Script Read: Part III - Which scripts should you read?
I’ve been asked a lot by my students and script clients alike as to what scripts they should read and that is always a tough question to answer. There are lots of good screenplays out there.
After doing some research online, I kept stumbling upon the 101 Greatest screenplays from the Writers Guild of America chosen by professional Film and Television writers in 2005:
Another interesting link I found is the list of top academy screenwriting nominations and winners:
I personally love reading screenplays which are not only good, but ones which I like. I do also read screenplays I don’t necessarily care much for, however given its importance to understanding and learning the craft, it's crucial that other writers do as well.
As a script consultant I read all kinds of screenplays from different genres, in varying stages of completion. What's most important for a writer is read as many screenplays as possible.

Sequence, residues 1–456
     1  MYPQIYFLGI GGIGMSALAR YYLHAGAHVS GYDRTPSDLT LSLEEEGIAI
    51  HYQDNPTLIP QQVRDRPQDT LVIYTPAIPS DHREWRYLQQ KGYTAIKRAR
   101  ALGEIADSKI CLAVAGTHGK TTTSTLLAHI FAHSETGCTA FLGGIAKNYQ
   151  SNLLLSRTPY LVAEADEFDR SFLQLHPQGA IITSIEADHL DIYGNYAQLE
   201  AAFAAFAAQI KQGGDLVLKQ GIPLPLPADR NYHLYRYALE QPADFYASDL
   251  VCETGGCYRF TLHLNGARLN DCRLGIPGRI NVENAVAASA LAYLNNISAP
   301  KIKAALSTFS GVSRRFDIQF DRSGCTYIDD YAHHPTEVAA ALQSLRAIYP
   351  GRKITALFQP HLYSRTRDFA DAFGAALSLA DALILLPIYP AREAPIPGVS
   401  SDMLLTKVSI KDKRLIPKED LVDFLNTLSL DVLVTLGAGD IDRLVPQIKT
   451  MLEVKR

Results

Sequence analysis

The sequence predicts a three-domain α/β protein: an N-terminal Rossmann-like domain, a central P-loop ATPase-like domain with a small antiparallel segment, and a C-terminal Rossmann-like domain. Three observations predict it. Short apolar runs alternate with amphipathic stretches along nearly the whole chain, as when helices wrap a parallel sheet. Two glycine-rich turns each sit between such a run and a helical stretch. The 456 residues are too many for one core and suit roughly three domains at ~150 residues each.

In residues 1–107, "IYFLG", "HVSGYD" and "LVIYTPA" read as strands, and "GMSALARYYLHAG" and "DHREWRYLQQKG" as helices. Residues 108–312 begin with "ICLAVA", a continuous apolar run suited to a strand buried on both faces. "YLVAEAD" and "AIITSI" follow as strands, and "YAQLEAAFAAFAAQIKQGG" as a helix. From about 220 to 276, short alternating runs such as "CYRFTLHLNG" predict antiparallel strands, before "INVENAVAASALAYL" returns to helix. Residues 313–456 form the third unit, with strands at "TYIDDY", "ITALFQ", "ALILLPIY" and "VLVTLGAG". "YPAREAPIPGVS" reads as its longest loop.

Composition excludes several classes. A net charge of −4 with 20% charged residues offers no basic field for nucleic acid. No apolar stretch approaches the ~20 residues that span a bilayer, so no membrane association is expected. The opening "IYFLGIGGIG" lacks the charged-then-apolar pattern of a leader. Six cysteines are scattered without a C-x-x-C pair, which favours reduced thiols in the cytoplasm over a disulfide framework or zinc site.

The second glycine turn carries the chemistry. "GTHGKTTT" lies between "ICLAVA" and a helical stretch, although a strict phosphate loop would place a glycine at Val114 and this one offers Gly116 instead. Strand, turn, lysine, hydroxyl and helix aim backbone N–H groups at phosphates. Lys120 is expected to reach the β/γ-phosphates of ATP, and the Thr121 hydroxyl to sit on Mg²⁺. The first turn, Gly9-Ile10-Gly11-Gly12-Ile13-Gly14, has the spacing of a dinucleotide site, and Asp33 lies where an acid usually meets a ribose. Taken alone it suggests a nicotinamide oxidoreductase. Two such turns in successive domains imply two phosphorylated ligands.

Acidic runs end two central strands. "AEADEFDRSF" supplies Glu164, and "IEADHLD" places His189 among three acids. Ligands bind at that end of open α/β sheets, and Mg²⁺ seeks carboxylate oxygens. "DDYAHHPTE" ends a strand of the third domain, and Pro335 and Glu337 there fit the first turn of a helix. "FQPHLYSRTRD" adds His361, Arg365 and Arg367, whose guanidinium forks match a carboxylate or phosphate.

You should also consider reading scripts from the genre you picked for your project. It's actually a good idea to learn the craft starting with one genre, as different genres tend to follow a certain set of rules. Become good in one genre before moving on to the next one.
Lastly, start first with your favorite genre because learning the craft is difficult to begin with, so you might as well start with the topic you love and know most.
Script Read: Part IV - How to read scripts?